In recent weeks the US has ramped-up pressure on Maduro.
The Trump administration has decided that now is a good time to increase pressure on the regime of Venezuelan President Nicolás Maduro. It all started with the announcement of indictments of Maduro and many of his allies on drug charges.
The indictments, described by Atty. Gen. William Barr at a news conference in Washington, allege that Maduro and members of his inner circle conspired with rebels from neighboring Colombia to create a vast and lucrative criminal enterprise in Venezuela “flooding” the United States with cocaine and generating billions in illicit dollars. Maduro and his allies pocketed profits, and the rebels received weapons, prosecutors allege — all while Venezuela descended into poverty and social collapse.
“The Maduro regime is awash in corruption and criminality,” Barr said. It has “betrayed the Venezuelan people and corrupted Venezuelan institutions. While the Venezuelan people suffer, this cabal lines their pockets with drug money and proceeds of the corruption. This has to come to an end.”
The indictment naming Maduro means he would be subject to arrest if he leaves Venezuela. The U.S. State Department immediately put out a $15-million reward for information leading to his capture.
Along those lines, CNN reported this week: US launches new effort to oust Venezuela’s Maduro
“The United States has long been committed to finding a solution to the man-made crisis in Venezuela,” Secretary of State Mike Pompeo said in a statement. “The urgency for this has become all the more serious in light of the Maduro regime’s failure to adequately prepare for and address the global COVID-19 pandemic.”
Speaking at the State Department, Pompeo outlined a plan to establish a transitional government and, “if the conditions of the framework are met,” lift sanctions on Venezuela. The Maduro government rejected it almost immediately.
The US hopes its newly proposed framework will facilitate a democratic transition in Venezuela, more than a year after initial attempts to force Maduro from power. Those conditions include “the departure of foreign security forces and elections deemed free and fair by international observers,” Pompeo said, an apparent reference to Russian forces.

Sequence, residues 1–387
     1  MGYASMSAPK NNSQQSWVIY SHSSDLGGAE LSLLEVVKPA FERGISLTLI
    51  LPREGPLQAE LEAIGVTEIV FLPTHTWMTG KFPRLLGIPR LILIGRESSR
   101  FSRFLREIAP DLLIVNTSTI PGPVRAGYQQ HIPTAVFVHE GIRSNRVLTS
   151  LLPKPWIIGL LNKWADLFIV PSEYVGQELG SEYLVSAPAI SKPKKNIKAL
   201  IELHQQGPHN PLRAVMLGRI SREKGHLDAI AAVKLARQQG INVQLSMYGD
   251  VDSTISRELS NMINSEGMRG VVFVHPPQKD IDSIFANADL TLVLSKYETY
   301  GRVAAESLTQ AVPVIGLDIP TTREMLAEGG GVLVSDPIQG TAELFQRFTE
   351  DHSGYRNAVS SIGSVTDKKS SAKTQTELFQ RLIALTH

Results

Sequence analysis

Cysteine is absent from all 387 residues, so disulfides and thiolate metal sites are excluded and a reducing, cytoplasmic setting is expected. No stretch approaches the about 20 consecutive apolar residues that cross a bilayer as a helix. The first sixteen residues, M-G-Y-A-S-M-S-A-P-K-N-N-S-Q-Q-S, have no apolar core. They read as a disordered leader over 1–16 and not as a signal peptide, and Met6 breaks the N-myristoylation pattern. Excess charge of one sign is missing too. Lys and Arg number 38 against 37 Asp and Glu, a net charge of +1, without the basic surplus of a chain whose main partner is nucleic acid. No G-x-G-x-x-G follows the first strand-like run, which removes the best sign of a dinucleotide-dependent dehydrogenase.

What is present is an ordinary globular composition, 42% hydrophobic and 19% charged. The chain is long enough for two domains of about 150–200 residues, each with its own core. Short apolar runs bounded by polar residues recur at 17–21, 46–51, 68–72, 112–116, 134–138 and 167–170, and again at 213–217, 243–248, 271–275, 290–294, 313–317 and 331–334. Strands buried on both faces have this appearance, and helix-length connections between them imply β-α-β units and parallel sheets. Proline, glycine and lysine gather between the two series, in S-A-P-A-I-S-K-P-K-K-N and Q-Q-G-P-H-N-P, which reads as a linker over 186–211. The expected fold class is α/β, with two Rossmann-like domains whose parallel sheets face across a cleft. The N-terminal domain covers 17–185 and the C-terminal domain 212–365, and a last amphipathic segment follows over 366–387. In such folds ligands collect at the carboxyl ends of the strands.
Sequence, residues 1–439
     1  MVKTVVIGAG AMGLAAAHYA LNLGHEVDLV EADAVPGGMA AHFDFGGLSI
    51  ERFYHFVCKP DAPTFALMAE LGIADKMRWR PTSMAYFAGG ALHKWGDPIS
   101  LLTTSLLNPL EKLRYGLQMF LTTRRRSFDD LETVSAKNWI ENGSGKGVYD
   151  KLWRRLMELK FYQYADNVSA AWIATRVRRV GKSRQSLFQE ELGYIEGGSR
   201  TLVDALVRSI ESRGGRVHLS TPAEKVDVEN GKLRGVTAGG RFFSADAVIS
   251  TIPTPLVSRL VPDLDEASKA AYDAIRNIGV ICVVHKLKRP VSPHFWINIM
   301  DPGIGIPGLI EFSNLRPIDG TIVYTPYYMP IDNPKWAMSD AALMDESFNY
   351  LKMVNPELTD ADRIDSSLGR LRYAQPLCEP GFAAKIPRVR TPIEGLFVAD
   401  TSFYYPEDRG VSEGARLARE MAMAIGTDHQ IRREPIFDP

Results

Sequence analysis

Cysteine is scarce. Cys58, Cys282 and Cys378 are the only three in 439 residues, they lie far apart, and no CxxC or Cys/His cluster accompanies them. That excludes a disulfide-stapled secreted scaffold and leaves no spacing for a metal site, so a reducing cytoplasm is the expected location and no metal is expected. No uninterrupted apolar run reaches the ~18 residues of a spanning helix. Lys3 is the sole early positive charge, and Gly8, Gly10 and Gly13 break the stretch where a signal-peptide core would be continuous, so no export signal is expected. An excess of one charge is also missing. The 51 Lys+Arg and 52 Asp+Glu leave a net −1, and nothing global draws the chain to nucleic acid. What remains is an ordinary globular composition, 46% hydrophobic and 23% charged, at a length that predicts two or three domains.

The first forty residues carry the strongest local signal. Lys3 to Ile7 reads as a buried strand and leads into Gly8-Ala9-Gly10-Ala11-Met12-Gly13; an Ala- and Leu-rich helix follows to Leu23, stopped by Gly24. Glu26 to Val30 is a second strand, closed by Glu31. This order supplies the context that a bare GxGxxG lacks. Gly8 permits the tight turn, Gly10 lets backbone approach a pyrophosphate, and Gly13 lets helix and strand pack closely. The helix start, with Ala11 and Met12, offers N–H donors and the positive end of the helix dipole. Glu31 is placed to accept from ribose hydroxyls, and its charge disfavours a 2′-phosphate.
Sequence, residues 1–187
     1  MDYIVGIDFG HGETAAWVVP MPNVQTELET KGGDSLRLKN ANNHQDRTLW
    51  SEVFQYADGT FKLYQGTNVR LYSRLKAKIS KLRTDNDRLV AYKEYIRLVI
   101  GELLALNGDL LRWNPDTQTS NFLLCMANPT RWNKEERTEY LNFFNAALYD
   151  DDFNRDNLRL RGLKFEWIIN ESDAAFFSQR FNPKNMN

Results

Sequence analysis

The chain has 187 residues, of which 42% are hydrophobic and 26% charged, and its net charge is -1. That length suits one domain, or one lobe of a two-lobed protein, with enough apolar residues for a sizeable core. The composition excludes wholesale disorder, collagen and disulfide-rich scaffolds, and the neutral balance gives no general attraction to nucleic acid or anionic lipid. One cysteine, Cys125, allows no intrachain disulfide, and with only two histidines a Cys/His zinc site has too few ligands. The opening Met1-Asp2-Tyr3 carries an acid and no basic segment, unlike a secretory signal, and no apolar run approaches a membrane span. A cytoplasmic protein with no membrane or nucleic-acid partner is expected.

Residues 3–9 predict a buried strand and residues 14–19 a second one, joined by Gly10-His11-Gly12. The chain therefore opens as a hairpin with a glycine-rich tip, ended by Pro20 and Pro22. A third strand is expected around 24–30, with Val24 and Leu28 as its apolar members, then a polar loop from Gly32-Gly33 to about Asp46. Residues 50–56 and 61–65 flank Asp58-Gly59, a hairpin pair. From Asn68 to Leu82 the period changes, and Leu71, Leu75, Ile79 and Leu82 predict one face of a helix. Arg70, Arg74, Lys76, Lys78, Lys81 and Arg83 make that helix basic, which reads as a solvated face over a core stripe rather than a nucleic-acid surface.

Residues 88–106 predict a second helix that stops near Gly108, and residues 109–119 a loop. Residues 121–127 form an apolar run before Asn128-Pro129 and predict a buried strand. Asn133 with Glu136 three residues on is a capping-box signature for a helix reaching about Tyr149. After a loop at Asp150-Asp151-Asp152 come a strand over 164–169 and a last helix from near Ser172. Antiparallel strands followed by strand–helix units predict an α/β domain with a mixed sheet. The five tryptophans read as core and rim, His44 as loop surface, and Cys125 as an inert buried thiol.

The piece details a transition plan. There is zero chance that Maduro will accept this course of action and the odds others in the regime will force it strike me as minimal if not zero as well.
There was further escalation late in the week. Via the Miami Herald, U.S. expands Navy presence in Caribbean. Is military action against Maduro more likely?:
Secretary of Defense Mark Esper, National Security Council Director Robert O’Brien and Attorney General William Barr all said during the press conference that the additional military is meant to crack down on “counternarcotics operations,” but is also aimed at denying funds to Maduro and his closest allies, who have been recently indicted in the U.S. on drug trafficking charges.
Esper published a list of the forces mobilized for the mission, including Navy destroyers, Coast Guard cutters, Navy littoral combat ships, helicopters, Navy P-8 patrol aircraft, along with Air Force E-3 AWACS and E-8 JSTARS to carry out airborne surveillance, control, and communications.
The operation includes security forces assistance brigades. At the press conference Wednesday, Gen. Mark Milley, Chairman of the Joint Chiefs of Staff, said there were “thousands” of sailors, Coast Guardsmen, soldiers, airmen and Marines involved.
“There is some serious military hardware listed here,” said Adam Isaacson, the director of the Defense Oversight program at the Washington Office on Latin America.
“I can’t recall the last time there were U.S. Navy destroyers in the Caribbean or the eastern Pacific coast [on operations, not exercises]. And each E-3 AWACS plane costs more than a quarter-billion dollars,” he said on Twitter.
Odds are that this deployment is a combo of actual anti-narcotics operations and an attempt to rattle Maduro. It seems unlikely that there is more to it than that. Still, we are clearly seeing an escalation of pressure on the regime.
Let me be clear before I continue that I consider (as I am certain I have noted multiple times) the Venezuelan situation to be an unnecessary, man-made disaster of tragic proportions started by foolish policy decisions started by Hugo Chávez and deepened by Maduro. I consider the destruction of the Venezuelan economy to be criminal and the death of Venezuelan democracy to be devastating.